The DiamondCD DTV transmitter from Harris is enjoying solid demand from stations making the digital transition.
As first reported in Broadcast Engineering's Beyond The Headlines, the opportunity for terrestrial services, both in the United States and overseas, is large and now coming to fruition in a number of new and alternative ways.
This includes the fledgling USDTV - an over-the-air digital subscription cable channel service, which now boasts more than 10,000 subscribers — and the emerging DVB-H transmission spec that will allow worldwide delivery of audio and video to a variety of handheld and mobile devices.
A vigorous interest in high-definition digital radio is also cause for enthusiasm at Harris, according to Jeremy Wensinger, president of the Broadcast Communications Division (BCD). He said he’s identified a number of areas where the company’s hardware business -- radio and TV transmitters and related encoding equipment -- is ideally suited and poised for growth.
Supporting Harris’ recent announcement that it had agreed to buy automation software provider Encoda Systems for $340 million, Wensinger said he has visited a number of the facilities in the United States operated by Encoda and will soon travel to Europe. The reaction from Encoda employees to the acquisition has been positive. [Former Encoda CEO John Sorenson will now run the business for Harris. Don Doctor, former chairman of Encoda Systems, will remain as a consultant through the end of the year.]
Wensinger said the Encoda deal reinforces Harris' goal to become a much broader participant with its customers as stations go through the digital conversion.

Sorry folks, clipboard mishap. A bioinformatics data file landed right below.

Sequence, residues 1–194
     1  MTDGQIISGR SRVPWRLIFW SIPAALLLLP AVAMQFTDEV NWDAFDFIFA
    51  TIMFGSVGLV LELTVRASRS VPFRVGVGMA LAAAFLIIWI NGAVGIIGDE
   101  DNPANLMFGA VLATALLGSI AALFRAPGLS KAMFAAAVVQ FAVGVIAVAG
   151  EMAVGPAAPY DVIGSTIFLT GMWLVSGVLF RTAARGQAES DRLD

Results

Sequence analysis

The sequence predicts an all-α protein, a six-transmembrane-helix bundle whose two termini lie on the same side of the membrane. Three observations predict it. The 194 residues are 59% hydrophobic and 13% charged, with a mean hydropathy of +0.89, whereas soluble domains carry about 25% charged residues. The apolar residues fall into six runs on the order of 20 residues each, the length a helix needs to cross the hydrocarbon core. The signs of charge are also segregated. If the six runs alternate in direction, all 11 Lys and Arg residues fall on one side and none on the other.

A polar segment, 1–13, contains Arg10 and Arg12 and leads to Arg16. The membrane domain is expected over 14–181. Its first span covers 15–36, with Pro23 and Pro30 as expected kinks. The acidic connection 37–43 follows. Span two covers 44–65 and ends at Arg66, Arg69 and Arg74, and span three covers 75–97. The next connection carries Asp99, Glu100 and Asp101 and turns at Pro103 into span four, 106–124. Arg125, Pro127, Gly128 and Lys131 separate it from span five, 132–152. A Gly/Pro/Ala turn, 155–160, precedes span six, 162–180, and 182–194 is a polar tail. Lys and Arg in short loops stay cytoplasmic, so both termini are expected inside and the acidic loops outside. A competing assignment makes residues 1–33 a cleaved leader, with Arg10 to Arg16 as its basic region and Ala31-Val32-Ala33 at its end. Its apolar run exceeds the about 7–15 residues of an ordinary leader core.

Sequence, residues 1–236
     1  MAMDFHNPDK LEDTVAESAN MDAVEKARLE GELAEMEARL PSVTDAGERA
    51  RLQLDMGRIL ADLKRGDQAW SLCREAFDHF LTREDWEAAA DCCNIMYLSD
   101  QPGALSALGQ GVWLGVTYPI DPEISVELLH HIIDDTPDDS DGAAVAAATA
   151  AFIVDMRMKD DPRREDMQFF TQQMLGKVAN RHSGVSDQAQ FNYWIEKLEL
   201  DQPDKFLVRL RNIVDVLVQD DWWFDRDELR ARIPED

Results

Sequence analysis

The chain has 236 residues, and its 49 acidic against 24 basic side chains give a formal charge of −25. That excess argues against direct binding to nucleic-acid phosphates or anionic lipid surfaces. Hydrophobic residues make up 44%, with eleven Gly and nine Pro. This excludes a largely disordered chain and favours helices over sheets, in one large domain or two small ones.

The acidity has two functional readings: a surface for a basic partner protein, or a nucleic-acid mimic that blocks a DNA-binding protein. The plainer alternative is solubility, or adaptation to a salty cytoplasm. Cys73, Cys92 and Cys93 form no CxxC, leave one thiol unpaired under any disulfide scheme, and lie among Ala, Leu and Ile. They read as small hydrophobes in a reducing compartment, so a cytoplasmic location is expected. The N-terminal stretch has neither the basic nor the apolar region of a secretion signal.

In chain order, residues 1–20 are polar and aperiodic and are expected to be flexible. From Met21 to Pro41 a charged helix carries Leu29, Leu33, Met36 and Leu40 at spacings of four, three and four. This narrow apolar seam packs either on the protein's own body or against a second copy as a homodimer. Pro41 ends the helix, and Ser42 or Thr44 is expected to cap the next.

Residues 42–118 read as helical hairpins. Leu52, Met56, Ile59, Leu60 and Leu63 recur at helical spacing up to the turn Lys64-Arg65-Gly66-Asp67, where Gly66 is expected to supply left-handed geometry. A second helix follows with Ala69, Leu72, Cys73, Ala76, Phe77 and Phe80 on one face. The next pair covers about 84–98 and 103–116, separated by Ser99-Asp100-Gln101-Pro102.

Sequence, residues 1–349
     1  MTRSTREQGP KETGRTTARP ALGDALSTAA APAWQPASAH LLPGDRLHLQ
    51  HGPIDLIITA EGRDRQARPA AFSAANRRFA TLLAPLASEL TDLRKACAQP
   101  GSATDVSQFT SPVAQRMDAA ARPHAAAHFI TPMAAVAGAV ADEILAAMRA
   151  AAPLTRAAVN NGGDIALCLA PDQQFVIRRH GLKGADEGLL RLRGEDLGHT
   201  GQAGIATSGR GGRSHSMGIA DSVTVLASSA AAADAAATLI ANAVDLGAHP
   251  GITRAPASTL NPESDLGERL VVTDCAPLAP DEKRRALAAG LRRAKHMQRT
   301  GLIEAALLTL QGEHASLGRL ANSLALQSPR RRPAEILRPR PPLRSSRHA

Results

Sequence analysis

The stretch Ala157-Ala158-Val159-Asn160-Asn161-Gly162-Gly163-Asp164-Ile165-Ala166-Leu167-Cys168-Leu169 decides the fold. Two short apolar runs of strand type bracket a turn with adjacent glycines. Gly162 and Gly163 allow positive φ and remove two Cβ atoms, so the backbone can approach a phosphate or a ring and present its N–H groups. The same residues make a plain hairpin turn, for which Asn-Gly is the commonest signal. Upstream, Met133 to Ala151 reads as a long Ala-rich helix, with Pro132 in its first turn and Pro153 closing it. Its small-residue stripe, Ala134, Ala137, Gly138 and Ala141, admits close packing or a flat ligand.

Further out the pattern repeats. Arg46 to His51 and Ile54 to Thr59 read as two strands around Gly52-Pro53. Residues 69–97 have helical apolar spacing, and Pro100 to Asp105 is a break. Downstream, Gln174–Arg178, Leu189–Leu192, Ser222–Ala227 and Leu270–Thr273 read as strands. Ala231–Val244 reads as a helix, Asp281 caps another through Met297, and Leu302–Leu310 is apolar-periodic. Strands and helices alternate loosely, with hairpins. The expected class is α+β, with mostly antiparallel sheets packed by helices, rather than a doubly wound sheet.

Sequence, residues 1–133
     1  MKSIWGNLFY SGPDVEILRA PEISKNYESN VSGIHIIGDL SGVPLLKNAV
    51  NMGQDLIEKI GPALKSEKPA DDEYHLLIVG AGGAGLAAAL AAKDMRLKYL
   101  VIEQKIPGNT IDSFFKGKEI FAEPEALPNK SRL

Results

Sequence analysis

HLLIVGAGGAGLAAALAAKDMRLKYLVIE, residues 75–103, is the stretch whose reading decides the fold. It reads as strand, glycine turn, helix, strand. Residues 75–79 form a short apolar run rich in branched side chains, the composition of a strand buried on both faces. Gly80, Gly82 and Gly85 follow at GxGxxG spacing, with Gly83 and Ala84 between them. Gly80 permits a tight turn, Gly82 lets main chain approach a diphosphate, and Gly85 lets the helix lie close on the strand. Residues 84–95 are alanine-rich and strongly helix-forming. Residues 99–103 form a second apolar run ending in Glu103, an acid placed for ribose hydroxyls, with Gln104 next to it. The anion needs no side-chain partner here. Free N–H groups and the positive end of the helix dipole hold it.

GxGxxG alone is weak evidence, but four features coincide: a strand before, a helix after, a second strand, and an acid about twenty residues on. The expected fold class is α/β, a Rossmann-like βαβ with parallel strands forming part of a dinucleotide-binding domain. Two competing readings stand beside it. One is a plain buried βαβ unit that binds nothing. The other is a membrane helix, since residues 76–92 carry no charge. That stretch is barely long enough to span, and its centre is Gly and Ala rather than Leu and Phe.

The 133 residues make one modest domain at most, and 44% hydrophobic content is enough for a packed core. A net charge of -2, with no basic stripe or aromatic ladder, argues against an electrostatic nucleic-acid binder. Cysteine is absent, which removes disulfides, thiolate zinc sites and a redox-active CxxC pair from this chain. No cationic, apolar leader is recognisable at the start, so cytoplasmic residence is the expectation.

At Harris, transmission products for radio and DTV now comprise a major part of the BCD’s investment dollars and that the amount of R&D capital, which he declined to specify, has been increased for this fiscal year. Harris employs more than 10,000 employees worldwide, including 5000 engineers and scientists.
Harris is enjoying solid demand for its traditional TV transmitters as well, he said, both analog and digital. Company resources are being positioned to accommodate the anticipated demand.
Wensinger said he’s “pleasantly surprised” that Harris is still filling orders for analog transmitters (such as the Atlas Analogue Series UHF system), but the company’s clear focus is on digital systems, such as its DiamondCD UHF and PlatinumCD VHF DTV transmitters.
Hoping to stimulate new high-power transmission systems sales, Wensinger said he would love to see some definitiveness come out of the government in regards to the transition (e.g., mandated power levels), but, at Harris, “the digital conversion is happening and is keeping us busy.”
In the meantime, Wensinger is endeavoring to find new applications around the world for terrestrial transmission equipment, like digital radio, DVB-H and even video-on-demand. He’s encouraged, he said, because at the core of all of these new services could be a Harris transmitter. For more information, visit www.broadcast.harris.com. Back to the top